This pandemic-plagued year has proven to be a banner time for families to rediscover nature and spend time on the water. But with that also comes boat traffic and the need for understanding basic protocol. Now more than ever, boating anglers need to know the navigational rules of the road.
Many boaters think that if they can drive a car, they can pilot a boat. “But when you’re driving down the road, you have a general idea of what to expect from cars around you,” says Chris Edmonston, president of the BoatU.S. Foundation. “You also know that, for the most part, other vehicles are going to operate the same way you do, and adhere to the same rules that you do.”
But bay and ocean waters, and even coastal channels, lack divided lanes and stoplights. Thankfully, many inlets and channels do feature green and red markers or buoys outlining opposite edges. Navigating between them keeps you on the safest and often most direct route to sea or to port, depending on whether you’re coming or going.
To stay in the channel, remember this easy phrase: red, right, return. That saying should remind you to keep red markers to your right—and green to your left—whenever heading back to port. When heading out to open water, just reverse the concept and keep red markers to your left.
On the water, boats can come at you from any direction. Understanding who has the right of way and how you should pass or overtake other boats comprise the essential rules for boating safely. In general, the boat on your starboard-side (your right) has the right of way in a crossing or overtaking (passing) situation. However, Edmonston points out, forget about who has the right of way when it comes to avoiding accidents.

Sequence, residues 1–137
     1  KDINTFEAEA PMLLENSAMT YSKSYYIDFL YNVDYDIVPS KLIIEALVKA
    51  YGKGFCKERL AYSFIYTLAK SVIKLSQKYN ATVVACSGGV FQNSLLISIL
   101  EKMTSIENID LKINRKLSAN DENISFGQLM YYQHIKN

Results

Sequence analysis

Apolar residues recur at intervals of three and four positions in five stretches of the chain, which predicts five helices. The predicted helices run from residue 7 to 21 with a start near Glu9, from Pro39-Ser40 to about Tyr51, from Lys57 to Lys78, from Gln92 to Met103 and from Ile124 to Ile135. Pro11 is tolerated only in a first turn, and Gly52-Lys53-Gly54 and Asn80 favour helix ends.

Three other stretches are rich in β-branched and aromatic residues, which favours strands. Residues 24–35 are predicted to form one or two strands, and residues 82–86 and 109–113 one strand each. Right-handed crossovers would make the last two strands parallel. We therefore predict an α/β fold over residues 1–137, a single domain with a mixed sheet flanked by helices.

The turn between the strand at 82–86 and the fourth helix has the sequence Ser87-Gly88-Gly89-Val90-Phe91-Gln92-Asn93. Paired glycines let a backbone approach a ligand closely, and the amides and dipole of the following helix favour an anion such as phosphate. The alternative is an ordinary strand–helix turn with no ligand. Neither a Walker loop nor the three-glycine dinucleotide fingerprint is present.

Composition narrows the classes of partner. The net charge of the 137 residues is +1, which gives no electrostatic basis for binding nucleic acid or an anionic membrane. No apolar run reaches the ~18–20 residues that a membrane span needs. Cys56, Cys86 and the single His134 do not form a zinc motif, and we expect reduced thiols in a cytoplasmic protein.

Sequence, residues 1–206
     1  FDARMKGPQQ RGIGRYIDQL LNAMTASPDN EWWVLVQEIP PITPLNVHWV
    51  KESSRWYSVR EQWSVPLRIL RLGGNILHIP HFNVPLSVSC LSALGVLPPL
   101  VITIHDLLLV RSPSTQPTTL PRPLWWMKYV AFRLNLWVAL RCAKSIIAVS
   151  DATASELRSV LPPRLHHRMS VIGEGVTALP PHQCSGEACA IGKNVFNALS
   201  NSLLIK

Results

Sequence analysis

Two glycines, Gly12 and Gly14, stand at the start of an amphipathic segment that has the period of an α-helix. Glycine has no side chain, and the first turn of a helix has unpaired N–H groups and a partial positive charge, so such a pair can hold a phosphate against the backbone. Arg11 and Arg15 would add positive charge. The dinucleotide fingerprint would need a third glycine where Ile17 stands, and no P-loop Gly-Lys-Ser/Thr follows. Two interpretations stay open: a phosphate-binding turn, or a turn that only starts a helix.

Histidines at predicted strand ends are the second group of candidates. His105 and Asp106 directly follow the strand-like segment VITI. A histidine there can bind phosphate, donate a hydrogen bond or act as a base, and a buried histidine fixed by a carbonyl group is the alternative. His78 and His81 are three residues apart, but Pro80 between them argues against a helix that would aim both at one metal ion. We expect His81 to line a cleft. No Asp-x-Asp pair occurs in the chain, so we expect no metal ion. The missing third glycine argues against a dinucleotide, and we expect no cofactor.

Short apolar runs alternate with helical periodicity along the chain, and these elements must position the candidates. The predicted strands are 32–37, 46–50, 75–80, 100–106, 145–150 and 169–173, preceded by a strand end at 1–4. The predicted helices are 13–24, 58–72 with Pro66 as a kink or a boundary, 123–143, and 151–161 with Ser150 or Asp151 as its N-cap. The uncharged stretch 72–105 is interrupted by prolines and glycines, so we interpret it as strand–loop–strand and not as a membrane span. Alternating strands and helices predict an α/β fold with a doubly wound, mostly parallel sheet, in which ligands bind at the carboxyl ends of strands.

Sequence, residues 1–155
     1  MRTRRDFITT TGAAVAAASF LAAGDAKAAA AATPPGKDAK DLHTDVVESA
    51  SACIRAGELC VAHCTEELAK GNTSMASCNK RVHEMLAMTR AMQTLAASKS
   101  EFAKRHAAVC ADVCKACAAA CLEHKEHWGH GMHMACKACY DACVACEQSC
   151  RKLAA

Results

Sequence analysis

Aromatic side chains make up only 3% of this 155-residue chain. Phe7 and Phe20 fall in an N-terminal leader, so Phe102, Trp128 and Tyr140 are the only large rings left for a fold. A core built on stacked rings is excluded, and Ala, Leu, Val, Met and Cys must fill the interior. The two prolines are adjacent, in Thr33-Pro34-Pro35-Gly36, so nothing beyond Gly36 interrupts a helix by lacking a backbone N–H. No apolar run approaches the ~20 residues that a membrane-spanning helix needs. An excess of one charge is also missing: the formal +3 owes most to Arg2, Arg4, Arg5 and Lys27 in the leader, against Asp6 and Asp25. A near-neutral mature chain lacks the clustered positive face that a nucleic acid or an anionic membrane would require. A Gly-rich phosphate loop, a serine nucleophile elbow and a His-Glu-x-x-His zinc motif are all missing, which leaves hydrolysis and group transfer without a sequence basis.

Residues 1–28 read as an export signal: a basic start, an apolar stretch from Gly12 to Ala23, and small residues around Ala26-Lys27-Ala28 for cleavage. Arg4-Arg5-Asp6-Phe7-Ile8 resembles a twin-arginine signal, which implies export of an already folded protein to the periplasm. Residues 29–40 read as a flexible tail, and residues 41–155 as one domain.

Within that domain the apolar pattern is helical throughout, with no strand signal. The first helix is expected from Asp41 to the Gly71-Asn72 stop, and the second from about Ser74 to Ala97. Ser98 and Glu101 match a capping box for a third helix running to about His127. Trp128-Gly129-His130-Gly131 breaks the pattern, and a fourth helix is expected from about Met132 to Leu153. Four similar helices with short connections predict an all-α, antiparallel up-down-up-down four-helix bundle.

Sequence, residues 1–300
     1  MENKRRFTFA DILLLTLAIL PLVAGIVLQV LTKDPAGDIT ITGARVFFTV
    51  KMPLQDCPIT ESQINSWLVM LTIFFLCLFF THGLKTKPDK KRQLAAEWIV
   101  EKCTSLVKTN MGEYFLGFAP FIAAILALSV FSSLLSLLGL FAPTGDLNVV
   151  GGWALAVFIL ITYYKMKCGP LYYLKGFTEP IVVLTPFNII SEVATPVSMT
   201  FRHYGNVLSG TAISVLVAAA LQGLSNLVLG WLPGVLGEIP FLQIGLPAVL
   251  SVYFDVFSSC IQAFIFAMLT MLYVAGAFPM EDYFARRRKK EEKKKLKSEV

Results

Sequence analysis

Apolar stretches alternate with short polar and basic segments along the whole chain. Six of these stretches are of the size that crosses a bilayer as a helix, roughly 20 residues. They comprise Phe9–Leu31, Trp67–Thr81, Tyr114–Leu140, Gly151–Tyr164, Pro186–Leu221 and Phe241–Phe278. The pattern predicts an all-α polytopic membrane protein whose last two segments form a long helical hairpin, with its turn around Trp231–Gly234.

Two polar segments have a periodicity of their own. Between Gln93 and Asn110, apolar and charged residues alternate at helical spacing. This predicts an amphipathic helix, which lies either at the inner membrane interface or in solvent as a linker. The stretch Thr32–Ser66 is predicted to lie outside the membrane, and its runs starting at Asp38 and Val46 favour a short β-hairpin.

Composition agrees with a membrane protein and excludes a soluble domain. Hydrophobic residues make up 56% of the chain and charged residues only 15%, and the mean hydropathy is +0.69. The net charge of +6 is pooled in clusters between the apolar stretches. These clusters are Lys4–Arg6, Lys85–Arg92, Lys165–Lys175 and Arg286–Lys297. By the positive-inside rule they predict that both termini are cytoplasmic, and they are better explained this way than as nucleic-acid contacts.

Rule No. 2, he says, states that while complying with the rules, “you are to be aware of the dangers of collision or other hazardous conditions, and it allows you to break other rules to avoid immediate danger,” such as preventing a collision. “If you can avoid an accident, you must do so,” he adds.
In other words, if another boater approaches from the left (your port side), that captain should yield. But don’t assume he will. You should take necessary action to avoid any potential close-quarters encounter.
“The rules include nuances for fishing boats, paddlecraft and sailing vessels,” Edmonston adds, “but I’m always of the mind that passing behind another boat rather than in front of it is going to be safer for everybody.”
Keeping a lookout at all times also ranks as a primary nav rule. As a boat-handling instructor, Edmonston says he always emphasized that the helmsman should turn around and look aft. “Look behind you before a turn and, if you don’t know what another boat is doing, slow down.”
Beyond the nav rules on the books, safety advocates preach a list of commonsense operating procedures:
- Save the alcohol for later.
- File a float plan. Let someone know where you plan to fish and when you expect to return.
- Brief your crew. Advise them where safety gear is located, and what to do in an emergency.
- Wear a life jacket, especially if you’re boating alone. And remember to attach the kill switch/safety lanyard to your wrist or clothing when you’re operating the vessel.
- Know the area. If you’re new to the waters, gain local knowledge of trouble spots, such as sandbars, and currents.
Mary Paige Abbott, chief commander of America’s Boating Club, which offers boater resources and courses in safety and navigation, advises all new boaters to take a course, and even experienced boaters to take a refresher. Many states now require boater education for select age groups.
“I live in southwest Florida, and a lot of Northerners come down and don’t know about the area, the tides and currents. Some have been boating for 20 years, but in the Great Lakes. Their experience is still valid, it just doesn’t always quite transfer.”